Conspiracy theorist, I am not. But lately I'm feeling a bit more paranoid than usual. I don't know what's happening exactly, and I know even less why I seem to be the only one who thinks something is happening at all. But suffice it to say that almost everyone I know is on one kind of prescription drug or another. And what's worse is that an awful lot of them have been brainwashed into thinking that these pills hold the key to a healthy and happy life.
And so they wait.
But from my vantage point (which is un-medicated), here's where I see the glitch. Not only are the folks popping these pills not happy, but they now suffer from new problems that are caused by the drugs themselves.
But they keep swallowing.
And then I wonder, if it's so obvious to me that they are not feeling better, how come they don't notice that the pills aren't working? It's as if they've fallen under a spell cast by those wearing white lab coats.
What I can't decide though, is who is to blame -- the drug companies who fashion the illnesses and then manipulate our most fundamental fears of sickness and death in their not-so-subliminal advertising that inundates us morning, noon and night -- or the trigger-happy doctors who write the scripts.
Doesn't anyone else think it is a most egregious act to advertise medicine directly to the consumer? To sell prescriptions? To provide coupons for drugs? To send people to a website to take a quiz where they diagnose themselves online? Have we all lost our minds, our senses, our morality? Don't answer that.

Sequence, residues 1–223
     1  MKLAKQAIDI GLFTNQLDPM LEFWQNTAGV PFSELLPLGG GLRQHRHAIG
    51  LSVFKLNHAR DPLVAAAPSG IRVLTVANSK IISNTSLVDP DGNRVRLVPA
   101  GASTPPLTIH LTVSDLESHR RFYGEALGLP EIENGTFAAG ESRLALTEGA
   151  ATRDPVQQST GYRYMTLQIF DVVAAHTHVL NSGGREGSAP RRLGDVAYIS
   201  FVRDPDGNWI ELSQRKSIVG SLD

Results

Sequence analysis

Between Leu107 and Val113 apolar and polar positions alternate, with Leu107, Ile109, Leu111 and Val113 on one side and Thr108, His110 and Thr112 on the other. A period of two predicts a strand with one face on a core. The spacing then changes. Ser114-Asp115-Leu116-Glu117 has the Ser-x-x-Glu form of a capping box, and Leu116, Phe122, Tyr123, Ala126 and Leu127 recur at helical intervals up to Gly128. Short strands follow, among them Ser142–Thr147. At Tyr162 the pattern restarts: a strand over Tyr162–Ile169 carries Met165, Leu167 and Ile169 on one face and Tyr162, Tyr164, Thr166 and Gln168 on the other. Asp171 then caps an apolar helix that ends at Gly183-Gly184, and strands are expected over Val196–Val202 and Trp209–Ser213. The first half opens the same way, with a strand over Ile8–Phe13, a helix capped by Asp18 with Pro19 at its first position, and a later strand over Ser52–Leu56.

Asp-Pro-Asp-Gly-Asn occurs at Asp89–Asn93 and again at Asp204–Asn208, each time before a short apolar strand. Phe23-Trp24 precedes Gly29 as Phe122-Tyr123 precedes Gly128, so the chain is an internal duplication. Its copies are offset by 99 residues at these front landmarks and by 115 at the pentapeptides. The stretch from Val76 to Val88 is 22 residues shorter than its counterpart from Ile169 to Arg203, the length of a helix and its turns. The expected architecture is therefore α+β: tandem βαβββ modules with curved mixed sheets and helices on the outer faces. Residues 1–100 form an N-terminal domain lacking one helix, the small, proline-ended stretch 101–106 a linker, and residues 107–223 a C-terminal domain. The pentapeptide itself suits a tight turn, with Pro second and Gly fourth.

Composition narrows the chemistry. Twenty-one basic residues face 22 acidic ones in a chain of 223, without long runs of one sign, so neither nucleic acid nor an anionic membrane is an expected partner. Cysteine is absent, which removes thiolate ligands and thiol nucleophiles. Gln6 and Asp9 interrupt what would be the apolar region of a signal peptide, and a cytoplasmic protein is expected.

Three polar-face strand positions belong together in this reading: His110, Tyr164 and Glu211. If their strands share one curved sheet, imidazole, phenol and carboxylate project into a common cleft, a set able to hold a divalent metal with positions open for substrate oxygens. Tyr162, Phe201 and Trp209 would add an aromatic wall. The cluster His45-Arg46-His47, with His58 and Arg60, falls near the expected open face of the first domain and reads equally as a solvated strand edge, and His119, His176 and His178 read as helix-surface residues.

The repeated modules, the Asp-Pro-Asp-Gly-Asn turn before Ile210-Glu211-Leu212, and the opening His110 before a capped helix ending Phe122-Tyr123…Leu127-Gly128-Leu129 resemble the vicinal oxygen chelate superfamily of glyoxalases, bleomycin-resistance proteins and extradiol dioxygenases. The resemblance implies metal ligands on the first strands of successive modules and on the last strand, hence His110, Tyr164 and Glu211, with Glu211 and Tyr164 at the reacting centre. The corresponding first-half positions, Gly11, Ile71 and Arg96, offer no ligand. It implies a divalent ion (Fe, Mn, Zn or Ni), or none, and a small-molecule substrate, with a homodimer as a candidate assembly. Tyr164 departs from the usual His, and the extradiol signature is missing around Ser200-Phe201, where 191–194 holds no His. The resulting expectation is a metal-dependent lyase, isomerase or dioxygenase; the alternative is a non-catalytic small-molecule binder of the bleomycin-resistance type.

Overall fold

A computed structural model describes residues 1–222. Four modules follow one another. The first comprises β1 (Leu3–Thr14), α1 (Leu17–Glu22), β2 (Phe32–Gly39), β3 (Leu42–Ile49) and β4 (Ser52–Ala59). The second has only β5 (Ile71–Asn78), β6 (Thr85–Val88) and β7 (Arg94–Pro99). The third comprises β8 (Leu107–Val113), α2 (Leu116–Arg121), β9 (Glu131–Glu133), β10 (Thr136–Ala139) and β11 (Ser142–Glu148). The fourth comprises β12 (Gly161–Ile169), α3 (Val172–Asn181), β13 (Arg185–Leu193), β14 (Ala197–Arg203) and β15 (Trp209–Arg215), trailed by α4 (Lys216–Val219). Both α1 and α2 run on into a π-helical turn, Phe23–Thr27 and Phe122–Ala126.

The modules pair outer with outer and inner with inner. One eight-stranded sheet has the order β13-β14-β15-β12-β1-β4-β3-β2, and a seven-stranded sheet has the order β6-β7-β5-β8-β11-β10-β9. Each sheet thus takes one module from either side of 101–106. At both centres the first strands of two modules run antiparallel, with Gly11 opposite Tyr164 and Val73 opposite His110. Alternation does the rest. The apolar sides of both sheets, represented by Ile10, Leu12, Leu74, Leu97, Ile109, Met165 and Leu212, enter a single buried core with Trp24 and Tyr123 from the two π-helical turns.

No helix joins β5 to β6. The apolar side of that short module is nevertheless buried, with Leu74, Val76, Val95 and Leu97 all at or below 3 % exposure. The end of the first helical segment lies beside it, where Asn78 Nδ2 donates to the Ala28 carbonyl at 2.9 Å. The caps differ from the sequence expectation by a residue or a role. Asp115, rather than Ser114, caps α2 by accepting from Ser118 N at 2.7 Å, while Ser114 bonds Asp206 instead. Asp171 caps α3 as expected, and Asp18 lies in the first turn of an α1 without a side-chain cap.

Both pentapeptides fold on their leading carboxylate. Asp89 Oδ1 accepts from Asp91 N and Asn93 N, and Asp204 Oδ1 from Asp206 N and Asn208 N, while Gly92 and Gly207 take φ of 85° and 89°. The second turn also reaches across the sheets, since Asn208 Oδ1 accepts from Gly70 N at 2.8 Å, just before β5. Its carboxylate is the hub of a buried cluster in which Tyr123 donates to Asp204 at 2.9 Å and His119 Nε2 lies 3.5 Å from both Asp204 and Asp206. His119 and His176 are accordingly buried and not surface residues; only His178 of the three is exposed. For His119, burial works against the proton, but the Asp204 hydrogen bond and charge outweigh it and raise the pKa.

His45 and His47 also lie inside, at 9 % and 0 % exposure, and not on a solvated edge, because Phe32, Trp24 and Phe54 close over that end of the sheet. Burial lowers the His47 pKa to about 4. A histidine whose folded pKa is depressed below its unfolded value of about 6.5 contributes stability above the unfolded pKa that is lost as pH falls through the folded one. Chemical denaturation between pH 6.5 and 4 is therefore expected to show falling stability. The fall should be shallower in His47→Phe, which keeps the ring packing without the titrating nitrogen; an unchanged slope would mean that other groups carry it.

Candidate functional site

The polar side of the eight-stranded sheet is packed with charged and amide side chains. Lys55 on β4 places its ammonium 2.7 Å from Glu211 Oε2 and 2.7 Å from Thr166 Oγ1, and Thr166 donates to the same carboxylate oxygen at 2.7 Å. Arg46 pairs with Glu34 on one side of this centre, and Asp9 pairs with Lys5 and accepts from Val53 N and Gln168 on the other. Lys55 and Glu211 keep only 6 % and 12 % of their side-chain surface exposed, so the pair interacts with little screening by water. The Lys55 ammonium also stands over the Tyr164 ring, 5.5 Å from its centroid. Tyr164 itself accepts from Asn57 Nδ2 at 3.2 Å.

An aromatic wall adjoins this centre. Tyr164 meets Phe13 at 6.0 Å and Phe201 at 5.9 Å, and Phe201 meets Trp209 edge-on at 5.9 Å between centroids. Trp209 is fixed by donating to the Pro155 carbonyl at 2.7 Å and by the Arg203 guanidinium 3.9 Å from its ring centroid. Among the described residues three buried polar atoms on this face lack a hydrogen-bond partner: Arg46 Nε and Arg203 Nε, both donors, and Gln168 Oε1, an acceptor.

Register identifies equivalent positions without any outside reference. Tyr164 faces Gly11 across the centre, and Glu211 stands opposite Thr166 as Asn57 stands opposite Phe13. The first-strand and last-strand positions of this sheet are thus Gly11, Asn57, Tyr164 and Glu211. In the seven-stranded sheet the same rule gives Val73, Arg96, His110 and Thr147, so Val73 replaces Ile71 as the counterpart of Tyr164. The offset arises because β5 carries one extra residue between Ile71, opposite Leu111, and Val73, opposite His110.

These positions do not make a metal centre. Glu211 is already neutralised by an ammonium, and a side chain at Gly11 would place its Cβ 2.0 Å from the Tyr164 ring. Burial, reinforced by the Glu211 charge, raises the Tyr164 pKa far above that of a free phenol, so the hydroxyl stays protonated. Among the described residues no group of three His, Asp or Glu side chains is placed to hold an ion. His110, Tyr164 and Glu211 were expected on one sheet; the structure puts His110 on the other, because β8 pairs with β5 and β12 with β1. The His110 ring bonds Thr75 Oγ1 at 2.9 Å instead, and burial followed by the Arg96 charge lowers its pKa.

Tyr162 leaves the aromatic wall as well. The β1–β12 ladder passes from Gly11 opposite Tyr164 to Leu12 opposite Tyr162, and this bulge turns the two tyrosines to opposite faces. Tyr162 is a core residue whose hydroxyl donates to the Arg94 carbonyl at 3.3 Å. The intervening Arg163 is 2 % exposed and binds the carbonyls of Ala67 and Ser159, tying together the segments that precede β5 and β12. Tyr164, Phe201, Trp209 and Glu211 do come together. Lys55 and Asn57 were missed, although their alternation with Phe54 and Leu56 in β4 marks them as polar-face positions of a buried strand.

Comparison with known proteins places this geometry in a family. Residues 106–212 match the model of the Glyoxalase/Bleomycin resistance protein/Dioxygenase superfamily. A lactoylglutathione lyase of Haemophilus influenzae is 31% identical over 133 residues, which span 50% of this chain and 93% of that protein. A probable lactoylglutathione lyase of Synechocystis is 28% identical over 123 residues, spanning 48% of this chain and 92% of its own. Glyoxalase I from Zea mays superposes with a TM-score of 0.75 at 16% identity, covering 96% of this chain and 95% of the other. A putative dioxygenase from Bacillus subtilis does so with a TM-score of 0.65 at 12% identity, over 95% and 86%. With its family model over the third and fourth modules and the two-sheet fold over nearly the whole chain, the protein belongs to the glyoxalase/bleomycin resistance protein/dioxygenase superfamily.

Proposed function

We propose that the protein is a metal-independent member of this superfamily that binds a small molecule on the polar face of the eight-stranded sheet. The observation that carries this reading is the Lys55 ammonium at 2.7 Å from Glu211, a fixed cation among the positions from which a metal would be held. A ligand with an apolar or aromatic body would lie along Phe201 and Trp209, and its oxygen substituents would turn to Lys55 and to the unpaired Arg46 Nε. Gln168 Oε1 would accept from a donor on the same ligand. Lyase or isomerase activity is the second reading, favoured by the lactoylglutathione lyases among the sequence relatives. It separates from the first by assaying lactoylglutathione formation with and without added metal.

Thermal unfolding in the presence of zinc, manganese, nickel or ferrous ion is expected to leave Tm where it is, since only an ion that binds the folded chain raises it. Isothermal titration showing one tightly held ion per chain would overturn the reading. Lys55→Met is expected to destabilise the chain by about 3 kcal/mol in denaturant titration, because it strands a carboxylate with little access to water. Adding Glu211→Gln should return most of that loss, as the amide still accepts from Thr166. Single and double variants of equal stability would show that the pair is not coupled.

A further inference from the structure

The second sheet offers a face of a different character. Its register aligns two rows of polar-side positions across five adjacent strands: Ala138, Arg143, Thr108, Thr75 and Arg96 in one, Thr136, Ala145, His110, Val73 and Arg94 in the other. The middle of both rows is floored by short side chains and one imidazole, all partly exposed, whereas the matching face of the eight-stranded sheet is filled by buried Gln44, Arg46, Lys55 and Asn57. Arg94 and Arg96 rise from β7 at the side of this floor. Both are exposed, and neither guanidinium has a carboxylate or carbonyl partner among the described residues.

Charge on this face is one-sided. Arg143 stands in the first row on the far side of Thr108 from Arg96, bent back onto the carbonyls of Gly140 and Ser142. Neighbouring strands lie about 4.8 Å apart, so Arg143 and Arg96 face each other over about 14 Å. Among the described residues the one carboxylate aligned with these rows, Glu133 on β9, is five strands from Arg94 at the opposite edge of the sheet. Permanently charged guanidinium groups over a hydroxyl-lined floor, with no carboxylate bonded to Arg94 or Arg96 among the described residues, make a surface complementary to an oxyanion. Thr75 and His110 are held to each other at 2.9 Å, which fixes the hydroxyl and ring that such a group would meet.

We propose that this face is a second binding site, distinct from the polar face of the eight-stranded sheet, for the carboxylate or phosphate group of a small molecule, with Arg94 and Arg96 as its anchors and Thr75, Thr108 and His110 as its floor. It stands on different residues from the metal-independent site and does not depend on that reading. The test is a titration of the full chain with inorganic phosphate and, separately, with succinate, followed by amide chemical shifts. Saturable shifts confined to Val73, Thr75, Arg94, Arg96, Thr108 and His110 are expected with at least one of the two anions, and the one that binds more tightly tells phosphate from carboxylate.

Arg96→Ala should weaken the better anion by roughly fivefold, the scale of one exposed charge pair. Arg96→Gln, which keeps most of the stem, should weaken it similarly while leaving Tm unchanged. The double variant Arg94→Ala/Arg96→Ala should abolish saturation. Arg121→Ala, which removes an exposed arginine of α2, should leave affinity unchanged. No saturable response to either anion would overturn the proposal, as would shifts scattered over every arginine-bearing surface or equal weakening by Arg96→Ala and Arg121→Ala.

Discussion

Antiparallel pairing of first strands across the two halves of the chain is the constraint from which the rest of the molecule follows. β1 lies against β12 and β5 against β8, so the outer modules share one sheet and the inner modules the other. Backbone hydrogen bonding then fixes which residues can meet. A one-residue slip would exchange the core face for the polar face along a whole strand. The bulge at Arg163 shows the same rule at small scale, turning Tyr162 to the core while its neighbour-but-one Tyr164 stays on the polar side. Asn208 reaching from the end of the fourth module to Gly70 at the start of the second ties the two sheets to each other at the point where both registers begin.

Granted, we've had some fun at Viagra's expense where the biggest jokes have come from the commercials that have a suave, masculine voice warning against the potential dangers of the four-hour (or longer) erection that could result from taking the drug -- like that's a bad thing. As if they didn't know that even an outside chance of an über-erection would sell more pills.
Personally though, as far as side-effects are concerned, I think it's hard to choose which drug to fear most. I would have to say that on the top of my list was the pill that can make you vomit coffee grinds with every violent heave. But my all time favorite ad was the one that cautioned users to expect a possible "greasy odiferous discharge." I don't know about you, but I would do just about anything to avoid that. I'm guessing that I wasn't alone because that commercial went off the air as quickly as it came on. No doubt, sales dipped as a result and some poor deprived sales rep somewhere missed his quota and the chance to win a trip to the Bahamas. I suppose in the case of Viagra and its brothers, despite the appeal of the never-ending erection, the cases of blindness that they found linked to the drug in Europe weren't enough to scare people away.
The fact is that I can't find one guy who has ED (for reasons other than drinking too much) who takes Viagra for legitimate medical reasons. However, mixed with cocktails and other psychotropic drugs, I understand that it does make for a rather enjoyable evening.
On the other hand, I do have a friend, who was given a prescription for Viagra to offset some sexual side effects which developed shortly after she (yes, she) was given an antidepressant to alleviate minor symptoms of irritability and sadness associated with her menstrual cycle.
It all started one Sunday when she was lying on her couch in a suicidal state after two weeks of ingesting a small white pill that began with a "P." Or maybe it was a "Z," or an "A." I don't remember. At first blush, I found myself asking, "Isn't that pill supposed to be an anti-depressant?" Naturally, the operative word here for me was "anti." I couldn't help but notice that her sudden desire to actually take her own life was not boding well for this drug, nor was it a sign that her depression was improving. All she had had was a little PMS each month, for God's sake.